Luke 9 Bible Commentary

John Lightfoot’s Bible Commentary

(Read all of Luke 9)
3. And he said unto then, Take nothing for your journey, neither staves, nor scrip, neither bread, neither money; neither have two coats apiece.

[Neither have two coats apiece.] Either my computation of times very much deceives me, or the winter was now coming on when the apostles were sent forth; and yet Christ forbids that they should be clothed with a double garment. It was not much that they should be forbid to take money or provision for their journey, because they were to have their food administered to them as the reward of their preaching the gospel: but to strive with the cold and winter without sufficient clothing seems something hard.

I. It was not an unusual thing in that nation, that some out of a more religious severity, did clothe themselves but with a single garment; of which thing we have already spoken in notes upon Mark 14:51, to which probably this passage may have some reference: "R. Jose saith, 'Let my portion be with those who die of the disease in their bowels: for, saith Mar, Very many righteous men die of the disease in their bowels,'"; viz. a disease contracted by the austerities of their life, both as to food and clothing. And so it is said particularly of the priests.

"The priests walked barefoot upon the pavement, and used water, and were not clad but with a single garment. And from this custom their natural vigour languished, and their bowels grew infirm."

For this very reason was there a physician appointed in the Temple, upon whom the charge lay of remedying this evil: whom we might not unfitly call the bowel-doctor.

Now, it may be inquired whether our Lord from this example prescribed this severity to his apostles, not allowing them more than a single garment, when this journeying of theirs, to preach the gospel, was a winter's work: for they returned from this journey a little before the Passover. Compare the tenth verse of this chapter, and so on, with John 6:4, and so on. But let us a little enlarge upon this subject.

In both the Talmuds there are reckoned up eighteen several garments, wherewith the Jew is clothed from head to foot. Amongst the rest, two shoes, two buskins, &c.: but those which are more properly called garments, and which are put upon the body, are reckoned these:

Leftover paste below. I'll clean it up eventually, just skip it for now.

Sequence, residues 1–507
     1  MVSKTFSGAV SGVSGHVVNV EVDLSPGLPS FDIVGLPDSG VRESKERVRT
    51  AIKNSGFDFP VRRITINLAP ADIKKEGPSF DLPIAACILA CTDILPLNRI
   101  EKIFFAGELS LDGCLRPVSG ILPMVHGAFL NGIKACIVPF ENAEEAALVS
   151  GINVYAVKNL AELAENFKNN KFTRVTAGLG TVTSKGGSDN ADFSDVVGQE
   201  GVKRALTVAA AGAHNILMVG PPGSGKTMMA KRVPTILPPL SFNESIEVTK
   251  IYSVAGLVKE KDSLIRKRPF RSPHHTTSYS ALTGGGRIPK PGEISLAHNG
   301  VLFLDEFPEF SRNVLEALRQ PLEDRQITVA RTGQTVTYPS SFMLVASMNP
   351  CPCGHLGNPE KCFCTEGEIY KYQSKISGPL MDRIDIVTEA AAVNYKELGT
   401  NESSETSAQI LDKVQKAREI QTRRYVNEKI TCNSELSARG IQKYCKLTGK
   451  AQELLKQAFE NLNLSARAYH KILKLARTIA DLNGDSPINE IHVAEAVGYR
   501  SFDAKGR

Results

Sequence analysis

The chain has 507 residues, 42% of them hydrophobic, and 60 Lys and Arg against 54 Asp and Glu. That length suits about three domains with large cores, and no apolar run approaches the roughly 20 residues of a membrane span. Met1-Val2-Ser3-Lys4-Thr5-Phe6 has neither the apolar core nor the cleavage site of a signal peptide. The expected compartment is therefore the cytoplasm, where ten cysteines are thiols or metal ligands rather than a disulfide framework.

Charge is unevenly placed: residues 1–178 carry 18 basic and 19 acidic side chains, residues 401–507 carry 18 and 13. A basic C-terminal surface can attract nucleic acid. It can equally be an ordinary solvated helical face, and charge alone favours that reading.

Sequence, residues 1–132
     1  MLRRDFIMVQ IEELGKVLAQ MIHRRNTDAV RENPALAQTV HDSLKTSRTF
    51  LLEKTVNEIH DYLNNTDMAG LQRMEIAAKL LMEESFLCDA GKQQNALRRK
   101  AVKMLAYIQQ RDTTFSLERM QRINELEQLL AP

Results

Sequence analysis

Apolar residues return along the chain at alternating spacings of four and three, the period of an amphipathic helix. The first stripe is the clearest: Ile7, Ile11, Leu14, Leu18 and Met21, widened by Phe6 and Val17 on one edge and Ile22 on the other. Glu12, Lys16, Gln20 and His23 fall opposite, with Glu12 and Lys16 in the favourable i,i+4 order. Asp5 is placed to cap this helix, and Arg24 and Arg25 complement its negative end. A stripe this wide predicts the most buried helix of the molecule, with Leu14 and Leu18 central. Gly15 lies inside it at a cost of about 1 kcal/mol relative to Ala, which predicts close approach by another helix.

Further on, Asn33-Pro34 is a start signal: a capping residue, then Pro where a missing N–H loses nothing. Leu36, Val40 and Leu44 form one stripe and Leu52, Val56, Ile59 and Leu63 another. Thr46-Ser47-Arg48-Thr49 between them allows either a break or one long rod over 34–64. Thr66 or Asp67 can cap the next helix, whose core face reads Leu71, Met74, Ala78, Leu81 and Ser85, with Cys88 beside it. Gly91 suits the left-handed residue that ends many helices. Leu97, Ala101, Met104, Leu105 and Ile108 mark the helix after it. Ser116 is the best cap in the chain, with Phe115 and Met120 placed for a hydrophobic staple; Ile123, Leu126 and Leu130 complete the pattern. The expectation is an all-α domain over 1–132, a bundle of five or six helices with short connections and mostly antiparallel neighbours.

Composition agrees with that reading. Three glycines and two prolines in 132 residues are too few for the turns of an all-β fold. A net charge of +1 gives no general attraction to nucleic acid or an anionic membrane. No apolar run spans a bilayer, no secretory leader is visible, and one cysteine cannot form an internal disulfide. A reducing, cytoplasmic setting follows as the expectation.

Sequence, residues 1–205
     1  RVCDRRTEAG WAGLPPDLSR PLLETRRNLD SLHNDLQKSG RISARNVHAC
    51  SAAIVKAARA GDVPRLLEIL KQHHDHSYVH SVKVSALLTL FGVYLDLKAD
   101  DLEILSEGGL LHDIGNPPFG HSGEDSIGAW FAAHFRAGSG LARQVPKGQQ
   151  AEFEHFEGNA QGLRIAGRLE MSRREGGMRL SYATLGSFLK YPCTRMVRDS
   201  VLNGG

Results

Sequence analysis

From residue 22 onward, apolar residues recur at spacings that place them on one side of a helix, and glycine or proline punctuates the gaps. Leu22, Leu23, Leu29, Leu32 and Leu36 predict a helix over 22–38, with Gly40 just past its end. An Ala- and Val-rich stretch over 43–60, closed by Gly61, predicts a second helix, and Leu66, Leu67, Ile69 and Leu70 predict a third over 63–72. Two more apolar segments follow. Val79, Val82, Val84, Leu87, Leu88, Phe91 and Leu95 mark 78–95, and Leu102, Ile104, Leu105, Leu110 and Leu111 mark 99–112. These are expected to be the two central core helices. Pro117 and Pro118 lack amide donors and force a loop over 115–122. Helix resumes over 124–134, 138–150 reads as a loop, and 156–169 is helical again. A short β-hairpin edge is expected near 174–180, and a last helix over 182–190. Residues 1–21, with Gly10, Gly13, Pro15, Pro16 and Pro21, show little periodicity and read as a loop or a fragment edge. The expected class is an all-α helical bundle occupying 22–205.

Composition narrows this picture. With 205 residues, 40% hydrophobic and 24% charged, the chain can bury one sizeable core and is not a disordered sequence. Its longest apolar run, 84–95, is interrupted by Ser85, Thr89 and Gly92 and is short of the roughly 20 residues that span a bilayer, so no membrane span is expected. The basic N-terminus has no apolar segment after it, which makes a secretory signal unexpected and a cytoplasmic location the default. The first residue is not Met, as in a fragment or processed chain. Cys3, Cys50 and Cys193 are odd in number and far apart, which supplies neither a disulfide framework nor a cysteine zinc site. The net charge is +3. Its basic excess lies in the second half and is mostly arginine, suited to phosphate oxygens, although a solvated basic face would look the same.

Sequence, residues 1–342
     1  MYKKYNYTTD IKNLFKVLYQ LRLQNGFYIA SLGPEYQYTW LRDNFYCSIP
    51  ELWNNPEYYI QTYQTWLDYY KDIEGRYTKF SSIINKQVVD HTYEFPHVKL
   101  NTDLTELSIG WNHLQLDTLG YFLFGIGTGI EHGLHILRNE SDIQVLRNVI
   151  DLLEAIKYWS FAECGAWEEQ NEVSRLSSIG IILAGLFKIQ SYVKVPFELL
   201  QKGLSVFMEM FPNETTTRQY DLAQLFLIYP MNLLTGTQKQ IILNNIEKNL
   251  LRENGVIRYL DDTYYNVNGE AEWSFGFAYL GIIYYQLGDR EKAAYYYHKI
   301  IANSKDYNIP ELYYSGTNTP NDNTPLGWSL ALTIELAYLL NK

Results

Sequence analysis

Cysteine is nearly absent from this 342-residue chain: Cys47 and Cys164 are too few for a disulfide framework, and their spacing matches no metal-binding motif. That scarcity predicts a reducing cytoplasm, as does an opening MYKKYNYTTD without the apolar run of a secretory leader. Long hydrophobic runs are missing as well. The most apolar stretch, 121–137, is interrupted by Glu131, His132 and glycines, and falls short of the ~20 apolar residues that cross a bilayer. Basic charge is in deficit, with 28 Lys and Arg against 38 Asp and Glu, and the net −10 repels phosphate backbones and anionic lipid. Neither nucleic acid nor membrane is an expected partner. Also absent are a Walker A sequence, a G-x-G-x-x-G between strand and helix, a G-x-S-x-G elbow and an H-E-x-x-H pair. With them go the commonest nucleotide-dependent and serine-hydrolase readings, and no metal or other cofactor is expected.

1. Mactoren: which word is variously rendered by several men. By the Gloss I suppose a mantle: by Aruch a cloak; by others a hood. In the Gloss upon Bava Bathra it is made the same with talith.

"Resh Lachish went to Bozrah; and, seeing some Israelites eating of fruits that had not been tithed, forbade them. Coming from R. Jochanan, he saith to him, Even while thy 'mactoren' [or cloak] is upon thee, go and recall thy prohibition.'"

2. 'Kolbin' of thread. Which the Babylonians call kolbos. The ordinary Jewish garment was talith, the outward garment, and chaluk, the inward. But in the place quoted is no mention of talith in so many syllables at all; but instead of it a Greek word for a Hebrew one, a coat.

Epiphanius, speaking of the scribes, "Moreover, they wore garments distinguished by the phylacteries, which were certain borders of purple." They used long robes, or a certain sort of garment which we may call 'dalmatics,' or 'kolobia,' which were wove in with large borders of purple.

That he means the talith, the thing itself declares; for those borders of purple were no other than the zuzith, certain skirts hung and sewed on to the talith.

3. A woolen shirt, the inward garment. Whence the Gloss, the 'chaluk' was the shirt upon his skin. Hence that boast of R. Jose, "that throughout his whole life the roof of his house had not seen what was within that shirt of his."

II. And now the question returns; viz. whether by those two coats in the place before us should be meant those two kinds of garments, the talith and the chaluk, that is, that they should take but one of them: or those two kinds doubled; that is, that they should take but one of each? Whether our Saviour bound them to take but one of those garments, or whether he forbade them taking two of each?

I conceive, he might bind them to take but one of those garments...When our Lord commands them not to put on two coats, the foregoing words may best explain what he means by it: for when he cuts them short of other parts of garments and necessaries, such as a scrip, a staff, and sandals, we may reasonably suppose he would cut them short of one of the ordinary garments, either the talith or the chaluk.

This may seem something severe, that he should send them out in the winter time half naked; but, 1. This well enough became that providence which he was determined to exert towards them in a more peculiar manner, as may be gathered from Luke 22:35, and to the charge of which he would commit them. Of such a kind and nature was his providence in preserving them, as was shewn towards the Israelites in the wilderness, which suffered not their garments to wax old, which kept their bodies from decay and diseases, and their feet unhurt by all their travel. 2. It suited well enough with the mean and low estate of that kingdom of heaven, and of the Messiah, which the apostles were to preach up and propagate; so that, from the view of the first publishers, the Jews might learn to frame a right judgment concerning both the Messiah and his kingdom; viz. they might learn to believe in the Messiah when they should observe him capable so wondrously to protect his messengers, though surrounded with such numberless inconveniences of life: and might further be taught not to expect a pompous kingdom when they see the propagators of it, of so mean a degree and quality.